Entomologists not ready to throw in the towel against nasty pest — Colorado Potato Beetles.
The Colorado potato beetle continues to frustrate farmers and take its destructive roadshow across Canada. One reason for this is they are highly adaptive to control methods and simply hard to kill. And yet, despite the dour outlook, farmers still have many options available and there is reason for optimism.
Research from Agriculture and Agri-Food Canada (AAFC) from coast to coast is underway to arm farmers with as much up-to-date information as possible to keep the nasty pest from decimating any more potato fields.
Led by co-principal investigators Chandra Moffat in the Okanagan, B.C., and Ian Scott in London, Ont., the project dubbed Development of Regional Management Strategies and Decision Making Tools for Control of Colorado Potato Beetle will inform farmers of where beetle hotspots are, what chemistries have been losing efficacy — critical for rotational chemistry options — and even what molecular markers are changing within the beetle’s genetic structure to give faster clues to control them and swap chemicals.
The five-year research project ends in 2023, but with three years of data to pull from, there’s already relevant takeaways for potato farmers, including how the neonicotinoid (neonics) class — arguably the most popular — of insecticides has continued to lose ground over the years.
“With the neonicotinoids, that’s where we are seeing the greatest indications of reduced susceptibility and resistance in some cases,” says Scott. “It’s not so much of a surprise due to their long use in Canada, but we are quite interested in the fact that many growers are seeing similar reduced susceptibility with the spinosyns, which includes the only product registered for organic production. Products in this class are often used as a mid-season foliar spray, just in case the early season seed treatment loses its effectiveness partway through.”
This development is of concern because the use of the spinosyns, as well as diamides, as insurance sprays, may contribute to reduced efficacy over time. However, farmers are put into seemingly impossible positions of protecting their crop versus losing it.
Luckily, farmers do have options. There are multiple chemistries commercially available and a concerted rotational effort to not overuse one over the other will help extend the chemistries’ lives. As well, crop rotation is another cultural control that helps reduce or slow the beetles’ overall population growth. It is always recommended to have at least two non-potato years after growing the spuds, if not more.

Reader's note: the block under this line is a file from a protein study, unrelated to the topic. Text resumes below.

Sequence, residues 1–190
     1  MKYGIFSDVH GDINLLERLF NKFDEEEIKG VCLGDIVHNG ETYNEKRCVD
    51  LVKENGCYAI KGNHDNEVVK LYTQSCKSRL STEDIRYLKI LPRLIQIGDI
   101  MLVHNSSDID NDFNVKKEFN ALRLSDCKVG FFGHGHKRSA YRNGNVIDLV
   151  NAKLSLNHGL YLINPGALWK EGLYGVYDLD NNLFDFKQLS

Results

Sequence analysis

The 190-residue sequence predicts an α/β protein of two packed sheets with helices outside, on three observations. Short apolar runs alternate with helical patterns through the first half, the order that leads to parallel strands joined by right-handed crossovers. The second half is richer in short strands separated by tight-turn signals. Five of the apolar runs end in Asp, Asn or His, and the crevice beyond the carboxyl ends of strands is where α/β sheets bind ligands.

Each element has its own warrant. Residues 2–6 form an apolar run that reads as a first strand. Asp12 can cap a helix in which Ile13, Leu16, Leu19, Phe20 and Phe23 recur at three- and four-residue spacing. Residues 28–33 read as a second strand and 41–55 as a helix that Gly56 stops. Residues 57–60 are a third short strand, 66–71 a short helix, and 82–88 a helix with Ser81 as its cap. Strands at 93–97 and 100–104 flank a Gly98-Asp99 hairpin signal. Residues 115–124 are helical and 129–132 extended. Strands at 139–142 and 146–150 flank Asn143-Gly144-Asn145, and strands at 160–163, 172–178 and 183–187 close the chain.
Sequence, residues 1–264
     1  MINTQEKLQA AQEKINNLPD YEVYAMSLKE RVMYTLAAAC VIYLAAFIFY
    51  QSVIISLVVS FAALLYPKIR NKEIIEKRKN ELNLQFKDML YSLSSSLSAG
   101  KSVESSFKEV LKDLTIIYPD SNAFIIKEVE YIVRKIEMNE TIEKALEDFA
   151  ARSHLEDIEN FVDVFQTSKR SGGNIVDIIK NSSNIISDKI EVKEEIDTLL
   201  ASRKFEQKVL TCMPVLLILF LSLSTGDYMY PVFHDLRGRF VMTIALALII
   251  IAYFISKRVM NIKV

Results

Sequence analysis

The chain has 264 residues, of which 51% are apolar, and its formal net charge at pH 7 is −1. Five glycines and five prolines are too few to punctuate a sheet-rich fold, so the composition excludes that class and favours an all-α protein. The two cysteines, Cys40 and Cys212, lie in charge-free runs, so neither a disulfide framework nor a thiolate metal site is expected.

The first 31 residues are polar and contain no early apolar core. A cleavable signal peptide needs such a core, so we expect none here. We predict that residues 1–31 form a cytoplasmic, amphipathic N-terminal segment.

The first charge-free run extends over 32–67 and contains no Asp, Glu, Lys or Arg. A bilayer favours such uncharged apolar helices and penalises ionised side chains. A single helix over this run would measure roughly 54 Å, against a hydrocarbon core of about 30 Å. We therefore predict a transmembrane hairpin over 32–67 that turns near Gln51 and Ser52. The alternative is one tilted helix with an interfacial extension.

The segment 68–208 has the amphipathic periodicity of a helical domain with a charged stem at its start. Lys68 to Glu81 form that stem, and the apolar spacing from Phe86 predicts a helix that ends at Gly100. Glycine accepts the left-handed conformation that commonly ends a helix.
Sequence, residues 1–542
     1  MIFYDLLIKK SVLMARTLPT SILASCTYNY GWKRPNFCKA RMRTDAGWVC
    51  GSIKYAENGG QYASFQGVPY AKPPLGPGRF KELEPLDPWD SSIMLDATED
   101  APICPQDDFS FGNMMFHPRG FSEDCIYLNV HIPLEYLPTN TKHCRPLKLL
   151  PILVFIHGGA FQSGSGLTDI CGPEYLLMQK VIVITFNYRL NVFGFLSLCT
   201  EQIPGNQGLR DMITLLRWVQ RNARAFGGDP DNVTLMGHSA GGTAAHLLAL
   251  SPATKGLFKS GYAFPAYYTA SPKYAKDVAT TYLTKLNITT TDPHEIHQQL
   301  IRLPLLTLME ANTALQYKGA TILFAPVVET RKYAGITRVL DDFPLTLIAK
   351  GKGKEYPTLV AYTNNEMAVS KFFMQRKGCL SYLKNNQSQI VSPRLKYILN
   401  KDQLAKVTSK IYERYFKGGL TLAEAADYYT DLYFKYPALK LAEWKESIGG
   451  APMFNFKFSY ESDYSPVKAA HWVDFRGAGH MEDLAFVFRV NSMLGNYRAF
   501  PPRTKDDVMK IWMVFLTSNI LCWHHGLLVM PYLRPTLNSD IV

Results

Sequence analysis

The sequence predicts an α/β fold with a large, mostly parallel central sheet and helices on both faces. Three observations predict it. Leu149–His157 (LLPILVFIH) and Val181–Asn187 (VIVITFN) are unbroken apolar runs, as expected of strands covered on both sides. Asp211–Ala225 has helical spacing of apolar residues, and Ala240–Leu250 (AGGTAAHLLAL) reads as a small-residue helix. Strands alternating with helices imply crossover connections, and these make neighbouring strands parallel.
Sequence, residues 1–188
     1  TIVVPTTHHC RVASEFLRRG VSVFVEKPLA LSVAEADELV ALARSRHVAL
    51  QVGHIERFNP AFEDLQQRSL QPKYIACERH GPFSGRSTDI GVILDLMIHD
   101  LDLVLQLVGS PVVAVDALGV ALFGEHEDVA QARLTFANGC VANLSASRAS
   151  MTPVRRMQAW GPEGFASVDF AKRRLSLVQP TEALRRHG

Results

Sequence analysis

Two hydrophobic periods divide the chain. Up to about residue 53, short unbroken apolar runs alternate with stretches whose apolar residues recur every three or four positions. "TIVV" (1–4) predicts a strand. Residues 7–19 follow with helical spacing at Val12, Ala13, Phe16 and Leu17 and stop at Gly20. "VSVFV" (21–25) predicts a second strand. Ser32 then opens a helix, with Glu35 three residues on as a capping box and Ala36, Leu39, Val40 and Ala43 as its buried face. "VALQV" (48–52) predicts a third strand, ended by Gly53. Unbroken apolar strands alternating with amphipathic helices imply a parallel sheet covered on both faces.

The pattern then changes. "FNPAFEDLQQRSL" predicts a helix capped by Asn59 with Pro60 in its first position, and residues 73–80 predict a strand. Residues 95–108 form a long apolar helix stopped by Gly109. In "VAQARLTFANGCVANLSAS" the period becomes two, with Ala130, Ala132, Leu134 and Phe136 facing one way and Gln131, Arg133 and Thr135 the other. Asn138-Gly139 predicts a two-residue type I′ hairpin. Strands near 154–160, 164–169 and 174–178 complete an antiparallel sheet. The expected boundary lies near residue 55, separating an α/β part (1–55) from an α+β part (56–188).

“Building soil health has such a major influence on crop productivity,” explains Moffat. “Where we see soil health, we see less pressure.”
The regions that are being investigated — Alberta, Manitoba, Ontario, Quebec and Prince Edward Island — are showing different levels of beetle pressure in general in addition to varying levels of resistance to certain insecticides, as well.
Generally speaking, farmers in Eastern Canada have “a bit more time,” with getting good results from neonics and diamides compared to Western Canada, according to Moffat, but not much.
In Quebec, for instance, they are now in an intermediate category of “reduced susceptibility,” which means while some chemistries still work, they don’t work like they used to. The team operates on a simple traffic light system of control where green means 70-plus per cent control, yellow is 30-69 and red is 0-29.
Currently, Manitoba and Ontario are largely in the red when it comes to neonics and diamides, which may be a harbinger for Quebec.
The problem is as much the lack of chemical rotation as it is how fast the beetle adapts. Within two seasons, research has shown that beetles are able to adapt to new environments and products.
“Pressure from the Colorado Potato Beetle is not a problem that will go away,” says Moffat. “We have to make the best use of the tools we have at hand, and we want to help growers do just that.”
Real Time Monitoring of Colorado Potato Beetles and Molecular Testing